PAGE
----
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Just a word to thank you for your wonderful wine letter3, which has been read and reread many times. The picture you paint of what is still to be had from Bellows4 would tempt me into absolute bankruptcy, if I had any cellar or any proper place at all to keep wine. I have a trunk room in the basement of this apartment house5, surely. But you know these basement rooms are subjected to constant changes of temperature - and in the winter they are blazing hot! As I read over your list of beautiful names, there are very few points in which I differ with you. By Château Cantenac-Brown 1926, do you mean Château Brane Cantenac? If so, I prefer it to Mouton-Rothschild, which you say is your favorite of all wines. Last Christmas, Alfred Knopf6 gave me a half dozen Brane Cantenac 1900. And I think it the best wine I ever drank. I agree with you heartily on Montrachet and Richebourg, of course. But in champagnes I differ with you, though I know my taste is not so elevated as yours. Perrier-Jouët is just a little dry for me (I suppose most American women want champagne to taste like soda water). I really prefer Louis Roederer, of a good year. This may horrify you, but it is always best to tell the truth.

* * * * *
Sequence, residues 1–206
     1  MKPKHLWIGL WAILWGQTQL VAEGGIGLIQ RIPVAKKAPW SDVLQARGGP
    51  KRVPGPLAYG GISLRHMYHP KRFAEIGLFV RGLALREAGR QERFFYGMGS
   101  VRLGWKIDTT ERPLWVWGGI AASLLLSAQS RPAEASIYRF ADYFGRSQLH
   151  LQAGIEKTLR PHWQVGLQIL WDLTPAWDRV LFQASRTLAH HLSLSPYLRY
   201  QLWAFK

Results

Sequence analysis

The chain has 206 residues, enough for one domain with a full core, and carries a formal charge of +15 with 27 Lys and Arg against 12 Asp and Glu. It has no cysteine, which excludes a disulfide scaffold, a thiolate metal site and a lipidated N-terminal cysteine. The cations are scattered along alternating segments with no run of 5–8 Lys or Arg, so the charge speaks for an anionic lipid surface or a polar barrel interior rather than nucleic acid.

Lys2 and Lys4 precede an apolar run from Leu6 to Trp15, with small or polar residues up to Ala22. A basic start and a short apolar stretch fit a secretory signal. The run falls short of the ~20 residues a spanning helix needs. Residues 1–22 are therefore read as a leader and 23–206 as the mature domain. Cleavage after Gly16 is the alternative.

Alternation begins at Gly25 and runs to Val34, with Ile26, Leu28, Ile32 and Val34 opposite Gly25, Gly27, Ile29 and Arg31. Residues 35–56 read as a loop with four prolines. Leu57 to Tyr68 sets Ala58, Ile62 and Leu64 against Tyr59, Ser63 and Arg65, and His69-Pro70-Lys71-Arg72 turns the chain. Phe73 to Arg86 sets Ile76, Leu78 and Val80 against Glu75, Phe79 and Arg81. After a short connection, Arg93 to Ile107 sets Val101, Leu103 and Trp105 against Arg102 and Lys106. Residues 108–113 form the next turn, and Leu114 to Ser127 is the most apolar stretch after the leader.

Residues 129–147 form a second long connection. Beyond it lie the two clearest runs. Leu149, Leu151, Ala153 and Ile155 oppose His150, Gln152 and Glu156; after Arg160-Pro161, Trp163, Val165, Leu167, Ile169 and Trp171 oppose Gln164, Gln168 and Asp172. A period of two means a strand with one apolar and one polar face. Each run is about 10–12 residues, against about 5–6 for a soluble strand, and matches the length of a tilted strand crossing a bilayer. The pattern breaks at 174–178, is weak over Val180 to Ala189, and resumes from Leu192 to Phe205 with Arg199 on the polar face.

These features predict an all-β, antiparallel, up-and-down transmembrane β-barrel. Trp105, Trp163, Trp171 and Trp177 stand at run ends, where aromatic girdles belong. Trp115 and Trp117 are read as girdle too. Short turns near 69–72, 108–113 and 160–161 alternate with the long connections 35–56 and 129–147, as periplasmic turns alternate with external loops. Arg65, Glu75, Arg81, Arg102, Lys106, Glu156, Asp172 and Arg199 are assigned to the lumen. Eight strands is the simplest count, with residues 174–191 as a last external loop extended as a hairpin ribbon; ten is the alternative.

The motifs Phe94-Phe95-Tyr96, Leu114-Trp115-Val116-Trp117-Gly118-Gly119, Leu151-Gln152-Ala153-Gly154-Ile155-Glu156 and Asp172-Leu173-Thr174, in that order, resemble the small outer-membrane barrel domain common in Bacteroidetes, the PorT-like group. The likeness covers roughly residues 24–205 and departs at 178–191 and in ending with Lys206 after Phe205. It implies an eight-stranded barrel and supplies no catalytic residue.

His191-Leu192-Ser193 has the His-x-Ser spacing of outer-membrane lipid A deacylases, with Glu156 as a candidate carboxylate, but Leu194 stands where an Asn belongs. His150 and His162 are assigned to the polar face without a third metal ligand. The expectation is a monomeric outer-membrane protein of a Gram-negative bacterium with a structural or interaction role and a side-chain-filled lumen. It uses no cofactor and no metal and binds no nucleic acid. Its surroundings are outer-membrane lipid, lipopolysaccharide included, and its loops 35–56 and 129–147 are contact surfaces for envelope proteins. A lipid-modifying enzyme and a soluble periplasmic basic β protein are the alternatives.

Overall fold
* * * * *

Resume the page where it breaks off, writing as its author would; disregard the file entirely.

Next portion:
I am now in the middle of a Christmas jam and everybody I ever knew in the far West is coming to town2, so though it is a little previous, let me wish you a Happy Christmas, with something soft and rich and mellow from your cellar to recall the beautiful civilization from which the best wines come,—and all that it has lived through. I am just now reading Guizot7’s long History of France8 and Michelet9’s even more wonderful one10, both at the same time. I had read them several times before, but every time I go through them France11 seems more wonderful to me. I ⬩W⬩S⬩C⬩highly recommend them. I find that I can live more vividly in those great records of how France “became”, than I can in the morning paper.With friendly greetings to you both12, Willa Cather